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IBM pushes game as learning tool for Linux admins

Taking its cue from purveyors of educational games for children, IBM Corp. is making games for IT pros. More than 215,000 copies of IBM AlphaWorks' first game, Robocode, have been downloaded. In this code-writing tutorial, players build robots to compete in a game. AlphaWorks' second game release, CodeRally, gives Linux developers and administrators a fun way to master Java tools. Marc Goubert, manager of IBM's AlphaWorks program, is responsible for bringing to market new implementations of emerging technologies. "Linux is an emerging trend in technology, so we provide a lot of basic components for Linux users, developers and architects," he said. In fact, he said, more than 30,000 developers are currently building Linux-based applications for IBM software. In this interview, Goubert explains how developers and system administrators can learn from CodeRally and extend the functionality of their Linux systems.

Why is AlphaWorks developing games as learning tools?
We watched innovation be pioneered by gamers. Real-time gaming interfaces and engines, 3-D and other technologies were pushed ahead by game developers. A lot of developers play games. This is a good way for those games to deliver education as well as entertainment. Besides games, what tools does AlphaWorks provide for system administrators?

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Besides games, what tools does AlphaWorks provide for system administrators?
AlphaWorks provides direct access to new technology implementations that are coming from IBM. Implementations like the Emerging Technologies Toolkit [is] available for both Windows and Linux platforms. There are also specific Linux offerings, such as Cluster Systems Management technologies. Having early releases of these technologies would help administrators to manage clusters of Linux machines, for example.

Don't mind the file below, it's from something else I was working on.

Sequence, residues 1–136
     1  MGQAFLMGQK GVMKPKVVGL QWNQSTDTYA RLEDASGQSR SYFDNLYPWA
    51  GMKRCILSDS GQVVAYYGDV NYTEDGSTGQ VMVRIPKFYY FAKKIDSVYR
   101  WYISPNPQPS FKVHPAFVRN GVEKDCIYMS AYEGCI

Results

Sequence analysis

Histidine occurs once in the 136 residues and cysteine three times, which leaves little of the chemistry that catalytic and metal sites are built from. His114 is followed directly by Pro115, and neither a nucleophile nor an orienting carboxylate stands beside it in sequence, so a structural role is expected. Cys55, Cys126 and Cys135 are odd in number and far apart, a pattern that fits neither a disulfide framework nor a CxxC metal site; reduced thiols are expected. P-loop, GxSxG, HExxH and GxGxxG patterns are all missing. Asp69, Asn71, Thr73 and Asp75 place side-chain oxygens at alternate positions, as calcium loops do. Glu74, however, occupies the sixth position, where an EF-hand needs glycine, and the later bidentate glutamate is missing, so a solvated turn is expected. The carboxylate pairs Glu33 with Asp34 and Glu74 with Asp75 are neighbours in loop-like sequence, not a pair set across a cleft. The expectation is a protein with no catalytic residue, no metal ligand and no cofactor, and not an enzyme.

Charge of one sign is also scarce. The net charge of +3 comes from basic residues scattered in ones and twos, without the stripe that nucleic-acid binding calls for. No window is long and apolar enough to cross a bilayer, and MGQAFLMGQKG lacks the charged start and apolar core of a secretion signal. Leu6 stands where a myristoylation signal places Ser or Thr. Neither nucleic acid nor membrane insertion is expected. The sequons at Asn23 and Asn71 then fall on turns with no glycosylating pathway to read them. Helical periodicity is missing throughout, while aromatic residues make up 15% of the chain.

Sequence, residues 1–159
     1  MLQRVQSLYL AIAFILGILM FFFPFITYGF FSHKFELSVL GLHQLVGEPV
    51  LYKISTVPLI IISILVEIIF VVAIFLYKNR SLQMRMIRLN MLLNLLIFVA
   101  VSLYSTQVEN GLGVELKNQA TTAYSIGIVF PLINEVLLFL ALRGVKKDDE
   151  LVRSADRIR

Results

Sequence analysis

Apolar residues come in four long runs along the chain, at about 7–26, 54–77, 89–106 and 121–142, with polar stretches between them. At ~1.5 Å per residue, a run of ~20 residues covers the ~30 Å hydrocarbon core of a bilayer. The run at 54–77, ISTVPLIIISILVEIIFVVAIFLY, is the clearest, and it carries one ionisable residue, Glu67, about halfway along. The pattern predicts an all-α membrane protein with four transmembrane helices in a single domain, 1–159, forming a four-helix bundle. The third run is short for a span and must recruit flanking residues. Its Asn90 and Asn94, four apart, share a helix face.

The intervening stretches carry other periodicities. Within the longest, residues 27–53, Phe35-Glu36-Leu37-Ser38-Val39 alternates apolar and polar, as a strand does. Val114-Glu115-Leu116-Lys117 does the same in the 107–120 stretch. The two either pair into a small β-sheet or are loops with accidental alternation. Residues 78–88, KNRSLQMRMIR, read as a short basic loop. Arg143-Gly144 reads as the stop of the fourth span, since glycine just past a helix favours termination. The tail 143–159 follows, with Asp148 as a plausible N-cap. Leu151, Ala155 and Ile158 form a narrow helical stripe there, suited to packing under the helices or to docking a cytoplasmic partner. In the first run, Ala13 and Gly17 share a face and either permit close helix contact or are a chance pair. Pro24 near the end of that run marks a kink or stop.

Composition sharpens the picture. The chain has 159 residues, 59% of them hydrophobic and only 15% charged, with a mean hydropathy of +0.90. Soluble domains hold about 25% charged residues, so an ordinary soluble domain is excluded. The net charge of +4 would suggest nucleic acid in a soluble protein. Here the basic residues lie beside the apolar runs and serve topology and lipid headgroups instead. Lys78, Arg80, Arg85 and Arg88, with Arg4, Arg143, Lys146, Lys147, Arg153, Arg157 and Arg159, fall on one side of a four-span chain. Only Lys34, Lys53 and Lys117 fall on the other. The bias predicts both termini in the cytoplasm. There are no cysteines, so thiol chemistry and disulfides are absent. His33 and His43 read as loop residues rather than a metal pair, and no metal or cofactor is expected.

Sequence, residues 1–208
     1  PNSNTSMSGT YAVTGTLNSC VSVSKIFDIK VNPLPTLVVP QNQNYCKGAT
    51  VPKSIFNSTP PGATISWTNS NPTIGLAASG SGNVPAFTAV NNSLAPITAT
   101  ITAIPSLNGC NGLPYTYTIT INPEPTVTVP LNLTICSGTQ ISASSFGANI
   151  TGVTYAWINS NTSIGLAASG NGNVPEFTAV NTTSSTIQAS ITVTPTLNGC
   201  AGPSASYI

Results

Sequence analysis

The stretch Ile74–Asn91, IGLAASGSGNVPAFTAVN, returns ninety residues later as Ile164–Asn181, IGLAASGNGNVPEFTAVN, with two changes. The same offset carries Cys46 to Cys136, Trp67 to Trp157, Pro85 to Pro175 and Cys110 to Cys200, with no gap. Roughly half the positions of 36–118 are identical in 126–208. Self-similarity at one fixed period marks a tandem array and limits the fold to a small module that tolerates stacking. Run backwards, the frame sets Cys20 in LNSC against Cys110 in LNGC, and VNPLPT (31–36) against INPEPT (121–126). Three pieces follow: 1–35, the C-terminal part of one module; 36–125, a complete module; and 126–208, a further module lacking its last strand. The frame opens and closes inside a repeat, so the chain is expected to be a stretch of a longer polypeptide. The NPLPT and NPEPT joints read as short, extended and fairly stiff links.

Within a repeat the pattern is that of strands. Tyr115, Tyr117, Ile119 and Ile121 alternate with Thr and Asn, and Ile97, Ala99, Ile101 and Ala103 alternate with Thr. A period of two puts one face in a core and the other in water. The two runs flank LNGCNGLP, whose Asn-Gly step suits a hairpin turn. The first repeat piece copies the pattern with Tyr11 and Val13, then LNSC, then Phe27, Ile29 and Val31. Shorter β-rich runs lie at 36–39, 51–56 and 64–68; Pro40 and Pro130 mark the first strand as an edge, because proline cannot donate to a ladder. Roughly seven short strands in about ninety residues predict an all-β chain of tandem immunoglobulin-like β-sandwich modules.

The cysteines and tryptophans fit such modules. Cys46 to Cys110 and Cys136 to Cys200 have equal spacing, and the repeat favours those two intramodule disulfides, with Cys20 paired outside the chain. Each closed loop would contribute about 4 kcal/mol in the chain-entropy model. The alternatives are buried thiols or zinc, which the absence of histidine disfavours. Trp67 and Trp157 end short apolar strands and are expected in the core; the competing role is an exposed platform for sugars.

Would CodeRally be helpful for IT administrators and managers, as well as developers?
The game provides an easy avenue into the Eclipse framework for managing servers and programs other than just the development environment for Java. The Eclipse management framework enables many different plug-ins, one of which would be a WebSphere administration engine. So, through the same interface used for developing a Java application or program, they can administer commands through a GUI interface to a WebSphere server. This is one of a collection of plug-ins in the WebSphere Studio that can be used on the Eclipse platform. Also, there are plug-ins for IBM DB2.

So CodeRally is one avenue for a Linux administrator to become more familiar with the tools that might benefit them. The CodeRally engine actually demonstrates well-thought out, structured, modular programming techniques. Linux administrators would benefit from having this tutorial. That make sense, as does building on Robocode's success.
Actually, people were skeptical when we first published Robocode on AlphaWorks. It generated tremendous interest. Now, university faculty members want to use Robocode in their classes. What's the goal of CodeRally?
CodeRally is a Java-based, real-time programming game based on the Eclipse platform. In the game, players program race cars to compete for points on a simulated racetrack. The game makes it easy for learning developers and system administrators to learn Java and learn about the Eclipse framework. It allows users unfamiliar with Java to easily compete while they learn the Java language.

The Eclipse platform is a framework or IDE [integrated development environment] built for Windows, Linux and other platforms. The framework helps developers build their applications and plug-ins.

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